such as Federal Housing Administration (FHA). FHA and VA respectively. to work towards the stabilization of house prices and to maintain an orderly housing market. Accordingly.G1 Home loan and the loan guarantee programmes to guarantee mortgage loans. Life Insurance Companies. FEDERAL NATIONAL MORTGAGE ASSOCIATION (FNMA) With the establishment of the FHA. . The „Stand-by Commitment‟ contract provides for the future purchase of mortgage by FNMA. to encourage wider home ownership and to upgrade housing standards in the USA. in 1938 the Federal National Mortgage Association was formed. the first two viz. The Veteran is required to repay the loan in full. Such loans are made after a careful scrutiny of the long term value of the security and the prospective borrower‟s ability to pay. the federal agencies. VETERAN’S ADMINISTRATION (VA) In 1940. Under the „immediate purchase contract‟ the seller offers mortgages for immediate purchases.the housing sector to plan for a high and stable level of activities. the FNMA purchase them after scrutiny. FEDERAL HOUSING ADMINISTRATION (FHA) FHA was established in 1934. These purposes are achieved by insuring mortgage loans made by lenders in accordance with the FHA housing and credit standards. insure and guarantee mortgage bonds whereas the last oone sells mortgage bonds and buys from investors/lenders. The FNMA purchases only marketable mortgages from private institution lenders. which permitted the Veterans Administration (VA). such contract is known as „Over the Counter Transaction‟. Its main objectives are to provide a sound pattern of mortgage lending. The FNMA is also authorized to borrow funds privately by issuing debentures and short term discount notes with the approval of the US treasury but they are not guaranteed by the US government. the Veteran‟s Administration (VA) and Federal National Mortgage Association (FNMA) have made significant contribution in the development of the mortgage market. the congress passed a legislation. There are generally two types of purchase contracts. The guarantee is payable by cash. USA The major financial institutions such as Commercial Banks.. the need for an agency to distribute the mortgage money on national basis arose. the outstanding is deducted from any future benefits that he may receive from the Veteran‟s Administration. In case of default. Savings & Loan Association (SLAs) and Mutual Savings Banks provide funds for construction activities. 5. under title III of the Act .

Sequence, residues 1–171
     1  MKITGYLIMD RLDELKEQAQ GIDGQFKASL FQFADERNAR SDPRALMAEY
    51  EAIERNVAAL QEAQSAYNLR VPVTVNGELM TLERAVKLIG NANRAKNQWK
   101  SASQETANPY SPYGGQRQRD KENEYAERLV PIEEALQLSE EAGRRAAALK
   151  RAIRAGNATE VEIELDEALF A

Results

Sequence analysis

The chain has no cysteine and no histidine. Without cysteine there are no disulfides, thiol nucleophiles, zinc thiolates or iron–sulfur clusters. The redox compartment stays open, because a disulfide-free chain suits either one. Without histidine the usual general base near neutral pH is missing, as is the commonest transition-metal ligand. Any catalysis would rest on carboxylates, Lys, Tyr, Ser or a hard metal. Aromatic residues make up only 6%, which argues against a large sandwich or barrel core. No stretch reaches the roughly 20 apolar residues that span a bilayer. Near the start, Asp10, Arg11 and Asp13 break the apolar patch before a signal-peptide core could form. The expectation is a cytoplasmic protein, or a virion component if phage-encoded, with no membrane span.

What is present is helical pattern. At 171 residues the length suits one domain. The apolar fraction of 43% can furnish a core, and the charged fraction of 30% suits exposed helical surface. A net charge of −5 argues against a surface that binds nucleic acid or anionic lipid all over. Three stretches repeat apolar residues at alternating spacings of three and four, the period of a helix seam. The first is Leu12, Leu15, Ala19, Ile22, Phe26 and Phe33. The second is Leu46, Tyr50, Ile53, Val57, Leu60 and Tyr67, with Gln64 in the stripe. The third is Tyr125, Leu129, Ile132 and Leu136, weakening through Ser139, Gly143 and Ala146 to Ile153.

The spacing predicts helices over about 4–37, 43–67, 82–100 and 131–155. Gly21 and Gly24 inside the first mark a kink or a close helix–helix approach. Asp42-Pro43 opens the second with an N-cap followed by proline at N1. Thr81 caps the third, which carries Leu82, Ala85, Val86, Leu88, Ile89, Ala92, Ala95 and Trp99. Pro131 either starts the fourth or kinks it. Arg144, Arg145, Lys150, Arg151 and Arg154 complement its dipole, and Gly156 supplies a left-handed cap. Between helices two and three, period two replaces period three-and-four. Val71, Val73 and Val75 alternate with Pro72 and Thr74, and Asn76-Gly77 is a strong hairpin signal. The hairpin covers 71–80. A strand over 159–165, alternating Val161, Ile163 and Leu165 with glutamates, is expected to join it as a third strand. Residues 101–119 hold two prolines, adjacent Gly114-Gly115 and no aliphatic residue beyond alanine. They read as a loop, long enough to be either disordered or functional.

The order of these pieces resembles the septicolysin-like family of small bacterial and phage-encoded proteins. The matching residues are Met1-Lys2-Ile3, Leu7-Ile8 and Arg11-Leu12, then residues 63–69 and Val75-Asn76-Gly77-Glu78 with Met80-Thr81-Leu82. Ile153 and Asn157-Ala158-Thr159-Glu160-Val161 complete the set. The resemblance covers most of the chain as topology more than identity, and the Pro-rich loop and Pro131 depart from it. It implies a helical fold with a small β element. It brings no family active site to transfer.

It is the principle agency to promote housing finance institutions at the regional and local levels and to provide financial and other support to such institutions connected with housing and human settlements. under the National Housing Bank Act 1987 as an apex bank. shares. SLA‟s are chiefly concerned with the welfare of the savers and their concern is prompted by the need to secure funds to support home financing and home ownership. To subscribe to purchase stocks. It has grown in volume and depth with the entry of a number of specialized financial institutions / companies in the public. 2. . bulk of the mortgage bonds are subscribed by Savings and Loans Association (SLA) followed by Commercial banks. 4. NATIONAL HOUSING BANK The NHB was established in July 1988. 1. HOUSING FINANCE SYSTEM IN INDIA The responsibility to provide housing finance largely rested with the government of India till the mid-eighties. The setting up of the Ntional housing Bank (NHB). on the lines of IDBI and as a wholly – owned subsidiary of the RBI. To promote. 3. To make loans and advances or render any other form of financial assistance whatsoever to housing finance institute scheduled bank 3. a fully owned subsidiary of the Reserve Bank of India (RBI) in 1988 as per the apex institution marked the beginning of the emergency of housing finance as a fund based financial service in the country. bonds debentures and securities of every other description 4. The amount of laws and advances and other credits facilities The nature of security taken for such loans The guarantees furnished Any other having a bearing on the credit worthiness of the borrower. To guarantee the financial obligation of housing finance institutions and under write the issue of stocks and share bonds. debentures and securities of every other description of housing. although it is an early stage of development. 2. OBJECTIVES AND BUSINESS 1. support or aid in the promotion establishment and support of housing finance institutions. establish. Life Insurance Companies and mutual savings banks. private and joint sectors. POWER TO COLLECT CREDIT INFORMATION The housing finance institutions can be directed by the NHB to submit specified credit information.SAVINGS AND LOAN ASSOCIATIONS In the USA.